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Citicoline

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What other names is Citicoline known by?

5'-Cytidine diphosphate choline, CDPC, CDP Choline, CDP-Choline, Citicholine, Citicolina, Cytidine 5-Diphosphocholine, Cytidine 5'-diphosphocholine, Cytidine (5') diphosphocholine, Cytidine Diphosphate Choline, Cytidine Diphosphocholine, Cytidinediphosphocholine.

What is Citicoline?

Citicoline is a brain chemical that occurs naturally in the body. As a medicine, it is taken by mouth as a supplement or given by IV or as a shot.

Citicoline is used for Alzheimer's disease and other types of dementia, head trauma, cerebrovascular disease such as stroke, age-related memory loss, Parkinson's disease, attention deficit-hyperactive disorder (ADHD), and glaucoma.

Citicoline was originally developed in Japan for stroke. It was later introduced as a prescription drug in many European countries. In these countries it is now frequently prescribed for thinking problems related to circulation problems in the brain. In the US, citicoline is marketed as a dietary supplement.

Possibly Effective for...

  • Age-related memory problems. Taking citicoline seems to help memory loss in people aged 50 to 85 years.
  • Long-term blood circulation problems in the brain (cerebrovascular diseases). There is some evidence that taking citicoline by mouth or injecting citicoline into the vein or muscle might improve memory and behavior in patients with long-term cerebrovascular diseases, such as stroke.
  • Stroke recovery. Stroke patients who take citicoline by mouth within 24 hours of having the kind of stroke that is caused by a clot (ischemic stroke) are more likely than other ischemic stroke patients to have a complete recovery within 3 months. Stroke patients who receive intravenous (IV) citicoline within 12 hours of having an ischemic stroke and daily thereafter for 7 days also have improved recovery.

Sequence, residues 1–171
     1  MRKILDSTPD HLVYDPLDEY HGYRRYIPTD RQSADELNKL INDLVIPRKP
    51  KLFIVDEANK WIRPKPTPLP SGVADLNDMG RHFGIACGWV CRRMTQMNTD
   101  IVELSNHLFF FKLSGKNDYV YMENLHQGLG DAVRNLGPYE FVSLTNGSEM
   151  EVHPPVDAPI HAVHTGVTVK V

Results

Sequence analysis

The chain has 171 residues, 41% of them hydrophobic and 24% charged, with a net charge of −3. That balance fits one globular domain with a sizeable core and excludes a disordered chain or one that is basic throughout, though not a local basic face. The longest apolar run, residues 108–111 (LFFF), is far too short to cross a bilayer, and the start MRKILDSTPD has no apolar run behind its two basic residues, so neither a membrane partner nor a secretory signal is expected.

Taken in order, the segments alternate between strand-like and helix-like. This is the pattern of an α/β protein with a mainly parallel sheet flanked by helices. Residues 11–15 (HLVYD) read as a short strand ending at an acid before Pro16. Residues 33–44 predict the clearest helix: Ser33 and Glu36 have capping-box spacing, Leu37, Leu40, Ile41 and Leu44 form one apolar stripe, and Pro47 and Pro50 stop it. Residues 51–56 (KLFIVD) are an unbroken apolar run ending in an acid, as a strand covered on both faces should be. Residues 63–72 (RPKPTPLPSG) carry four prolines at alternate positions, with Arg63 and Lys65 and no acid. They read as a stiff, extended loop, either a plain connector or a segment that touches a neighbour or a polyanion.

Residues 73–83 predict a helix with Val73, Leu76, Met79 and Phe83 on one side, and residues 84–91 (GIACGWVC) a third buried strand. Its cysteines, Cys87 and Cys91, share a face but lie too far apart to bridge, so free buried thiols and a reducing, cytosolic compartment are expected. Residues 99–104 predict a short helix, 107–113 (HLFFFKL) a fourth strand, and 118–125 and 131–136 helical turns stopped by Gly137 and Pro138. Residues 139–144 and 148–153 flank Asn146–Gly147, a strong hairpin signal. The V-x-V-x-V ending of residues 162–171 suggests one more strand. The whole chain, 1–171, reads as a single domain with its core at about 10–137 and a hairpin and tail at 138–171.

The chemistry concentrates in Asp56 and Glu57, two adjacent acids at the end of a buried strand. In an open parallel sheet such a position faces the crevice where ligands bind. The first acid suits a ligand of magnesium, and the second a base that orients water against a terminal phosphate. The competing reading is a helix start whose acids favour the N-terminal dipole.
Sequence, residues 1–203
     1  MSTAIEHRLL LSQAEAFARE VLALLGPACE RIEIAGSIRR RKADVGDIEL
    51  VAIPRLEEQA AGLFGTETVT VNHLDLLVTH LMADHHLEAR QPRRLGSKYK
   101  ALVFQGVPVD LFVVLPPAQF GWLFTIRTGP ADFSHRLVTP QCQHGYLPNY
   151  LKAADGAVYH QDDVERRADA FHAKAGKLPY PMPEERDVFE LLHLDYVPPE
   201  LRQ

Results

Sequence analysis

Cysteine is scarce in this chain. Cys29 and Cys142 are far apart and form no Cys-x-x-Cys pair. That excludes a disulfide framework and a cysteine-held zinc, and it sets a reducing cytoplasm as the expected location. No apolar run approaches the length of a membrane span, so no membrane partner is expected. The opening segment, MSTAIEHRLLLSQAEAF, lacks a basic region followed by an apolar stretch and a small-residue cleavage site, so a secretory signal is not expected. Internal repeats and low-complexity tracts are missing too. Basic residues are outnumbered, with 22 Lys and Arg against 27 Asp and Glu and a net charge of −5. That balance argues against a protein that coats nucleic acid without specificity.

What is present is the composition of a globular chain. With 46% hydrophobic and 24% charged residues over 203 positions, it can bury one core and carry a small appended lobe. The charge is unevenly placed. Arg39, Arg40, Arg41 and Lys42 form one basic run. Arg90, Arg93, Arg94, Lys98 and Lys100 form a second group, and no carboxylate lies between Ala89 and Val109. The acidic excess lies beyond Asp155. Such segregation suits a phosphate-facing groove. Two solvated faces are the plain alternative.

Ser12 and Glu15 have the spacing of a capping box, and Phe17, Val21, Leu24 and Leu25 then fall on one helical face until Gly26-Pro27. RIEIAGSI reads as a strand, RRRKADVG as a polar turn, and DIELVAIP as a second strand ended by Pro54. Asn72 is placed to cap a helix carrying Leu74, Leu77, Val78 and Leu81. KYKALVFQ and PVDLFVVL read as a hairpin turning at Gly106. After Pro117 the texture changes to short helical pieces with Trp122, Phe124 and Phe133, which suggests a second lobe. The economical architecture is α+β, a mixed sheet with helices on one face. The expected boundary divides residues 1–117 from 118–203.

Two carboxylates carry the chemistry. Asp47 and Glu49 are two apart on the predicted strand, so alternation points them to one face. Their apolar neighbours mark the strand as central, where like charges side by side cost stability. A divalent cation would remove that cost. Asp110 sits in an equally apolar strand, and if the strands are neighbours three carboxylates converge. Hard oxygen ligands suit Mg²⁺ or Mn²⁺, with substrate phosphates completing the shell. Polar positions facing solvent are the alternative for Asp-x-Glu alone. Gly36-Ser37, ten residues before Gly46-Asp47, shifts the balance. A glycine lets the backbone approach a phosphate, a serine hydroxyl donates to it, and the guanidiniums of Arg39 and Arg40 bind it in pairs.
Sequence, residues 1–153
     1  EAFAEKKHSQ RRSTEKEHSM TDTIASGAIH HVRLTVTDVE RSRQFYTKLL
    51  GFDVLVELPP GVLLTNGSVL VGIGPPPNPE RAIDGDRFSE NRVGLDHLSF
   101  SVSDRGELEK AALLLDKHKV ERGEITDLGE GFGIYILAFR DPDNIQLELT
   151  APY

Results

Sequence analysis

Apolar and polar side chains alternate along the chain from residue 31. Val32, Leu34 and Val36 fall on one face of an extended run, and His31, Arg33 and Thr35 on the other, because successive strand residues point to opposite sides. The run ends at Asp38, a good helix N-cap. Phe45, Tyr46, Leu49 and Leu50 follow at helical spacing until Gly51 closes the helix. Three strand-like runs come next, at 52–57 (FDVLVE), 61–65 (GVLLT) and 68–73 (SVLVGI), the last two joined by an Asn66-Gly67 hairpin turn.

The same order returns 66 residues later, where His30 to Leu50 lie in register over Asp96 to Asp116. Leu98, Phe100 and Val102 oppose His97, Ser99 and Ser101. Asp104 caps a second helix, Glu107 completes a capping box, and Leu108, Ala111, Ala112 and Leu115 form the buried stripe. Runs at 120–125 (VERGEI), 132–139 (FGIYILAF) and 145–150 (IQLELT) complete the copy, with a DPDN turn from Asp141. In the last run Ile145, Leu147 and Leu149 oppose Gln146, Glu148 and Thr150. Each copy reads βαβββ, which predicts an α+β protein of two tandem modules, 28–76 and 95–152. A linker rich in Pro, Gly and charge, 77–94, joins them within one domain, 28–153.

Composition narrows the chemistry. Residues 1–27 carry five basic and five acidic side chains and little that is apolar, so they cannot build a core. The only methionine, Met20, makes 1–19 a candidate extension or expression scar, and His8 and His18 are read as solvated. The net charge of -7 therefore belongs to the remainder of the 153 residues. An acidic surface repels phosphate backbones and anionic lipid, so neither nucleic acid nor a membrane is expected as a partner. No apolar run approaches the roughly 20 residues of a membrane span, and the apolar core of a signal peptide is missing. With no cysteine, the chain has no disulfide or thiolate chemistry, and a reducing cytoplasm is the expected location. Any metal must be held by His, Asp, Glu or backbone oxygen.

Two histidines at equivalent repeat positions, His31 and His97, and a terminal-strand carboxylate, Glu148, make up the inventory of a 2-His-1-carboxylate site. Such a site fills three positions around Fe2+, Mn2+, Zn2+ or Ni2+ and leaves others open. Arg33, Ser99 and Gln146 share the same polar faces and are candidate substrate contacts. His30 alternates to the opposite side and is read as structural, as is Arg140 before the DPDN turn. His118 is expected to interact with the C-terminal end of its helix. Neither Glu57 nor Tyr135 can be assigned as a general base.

Insufficient Evidence to Rate Effectiveness for...

  • Alzheimer's disease and other types of dementia. Some evidence suggests that taking citicoline by mouth might improve learning, memory and information processing (cognitive function) in people with mild to moderate Alzheimer's disease.
  • Lazy eye (amblyopia). Early research suggests that giving citicoline as a shot for 15 days might improve vision in people with a lazy eye.
  • Bipolar disorder. Early research suggests that taking citicoline does not improve depression or manic symptoms in people with bipolar disorder and cocaine addiction.
  • Cocaine addiction. Early research suggests that taking citicoline might reduce cocaine use in people with bipolar disorder and cocaine addiction.
  • Glaucoma. Developing evidence suggests that citicoline might improve vision in some people with glaucoma.
  • Vision loss due to blockage of the optic nerve (ischemic optic neuropathy). Early research suggests that taking a specific citicoline product (Cebrolux-Tubilux) for 60 days might improve vision in people with ischemic optic neuropathy.
  • Memory. Early research suggests that taking citicoline might improve memory, learning, and speaking ability in people with brain injury due to trauma. Other research suggests that citicoline might improve some aspects of memory in elderly people.
  • Muscle strength. Early research suggests that injecting citicoline intravenously (by IV) might improve muscle strength in people recovering from a type of stroke called a cerebral hemorrhage that was not caused by trauma.
  • Parkinson's disease. Some research shows that giving citicoline as a shot along with usual treatment might improve some of the symptoms of Parkinson's disease, but not shaking (tremor).
  • Recovery after surgery. Early research suggests that taking citicoline 24 hours before surgery and for 4 days after surgery might reduce symptoms of delirium after surgery in elderly people.
  • Vascular dementia. Taking citicoline does not seem to improve symptoms in people with vascular dementia.
  • Attention deficit-hyperactive disorder (ADHD).
  • Head trauma.
  • Other conditions.
More evidence is needed to rate the effectiveness of citicoline for these uses.

Natural Medicines Comprehensive Database rates effectiveness based on scientific evidence according to the following scale: Effective, Likely Effective, Possibly Effective, Possibly Ineffective, Likely Ineffective, and Insufficient Evidence to Rate (detailed description of each of the ratings).

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